Stories from the “Isle of Flowers”
In December I visited Madeira, a Portuguese island not far from Africa. It’s beautiful, with palm trees, banana plantations, warm blue skies, dramatic mountains and flowering plants growing over the houses…
…but one thing I love about visiting any strange, new place is digging out the local stories.
This looks a bit like the cover for a fantasy novel, doesn’t it?
Imagine how the first Portuguese explorers felt when they came across this beautiful, peaceful-looking valley. Two of their soldiers boldly ventured ahead, and tried to swim across the charming, twisting river… only to discover that it was treacherously deep, with a ferocious current. Only the quick action of their friends saved them from drowning. Ever since, the valley has been known as ‘Socorridos’, meaning ‘rescued men’.
There’s another Madeira legend with a less happy ending, a tragic ‘Romeo and Juliet’ story. Back in the 14th century, some say that a young Englishwoman named Anne of Hereford defied her parents and ran away with her true love, a man named Robert Machin. Sadly, the ship taking them to Portugal was blown off course by storms, and wrecked on the coast of Madeira. They both died shortly afterwards, and were buried side by side, never to be parted.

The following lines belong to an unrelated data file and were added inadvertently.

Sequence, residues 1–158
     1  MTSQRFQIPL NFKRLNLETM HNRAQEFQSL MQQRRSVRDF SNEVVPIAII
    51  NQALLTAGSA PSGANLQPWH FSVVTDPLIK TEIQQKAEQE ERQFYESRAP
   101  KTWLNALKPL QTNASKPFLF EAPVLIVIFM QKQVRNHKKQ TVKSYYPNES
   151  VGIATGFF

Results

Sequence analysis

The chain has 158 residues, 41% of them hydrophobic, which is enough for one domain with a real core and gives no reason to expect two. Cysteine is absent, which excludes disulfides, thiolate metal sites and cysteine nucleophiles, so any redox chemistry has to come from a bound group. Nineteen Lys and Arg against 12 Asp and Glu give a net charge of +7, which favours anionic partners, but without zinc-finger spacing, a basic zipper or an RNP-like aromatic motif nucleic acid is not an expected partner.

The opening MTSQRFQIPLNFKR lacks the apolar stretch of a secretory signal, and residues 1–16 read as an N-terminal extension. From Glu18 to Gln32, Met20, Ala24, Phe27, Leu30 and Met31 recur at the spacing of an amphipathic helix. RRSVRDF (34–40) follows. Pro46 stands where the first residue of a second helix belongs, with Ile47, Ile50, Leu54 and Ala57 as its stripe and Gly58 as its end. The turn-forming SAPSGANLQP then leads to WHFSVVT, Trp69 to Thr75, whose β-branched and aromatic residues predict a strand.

A couple of centuries later, a new danger threatened Madeira. Pirates!
Madeira was rich now, its sugar plantation owners living in fine mansions, the churches filled with silver. It was too much for any pirate to resist.
During a terrible raid by French pirates, the nuns of the Convent of Santa Clara fled the harbour town of Funchal with everything they could carry. Using the tall sugar cane of the plantations as cover, they escaped up a steep river gorge and into the mountainous passes beyond. In a secret valley, hidden and protected by a ring of towering mountains, they set up their new base. The village there today is still known as “Curral das Freiras”, or “The Refuge of the Nuns”.
There’s another local pirate story, involving buried treasure…
Captain Kidd was virtually the only pirate who did actually bury some of his loot. Some treasure-hunters believed that Kidd’s gold was hidden on one of the Selvagen Grande islands near Madeira… but nobody has ever found anything.
Now that I’m back in Britain, everything seems a bit grey. I have to remind myself that stories hang everywhere like smoke, and not just in exotic, postcard places. Every ordinary-looking street and boarded window may hold its own stories, waiting to be discovered…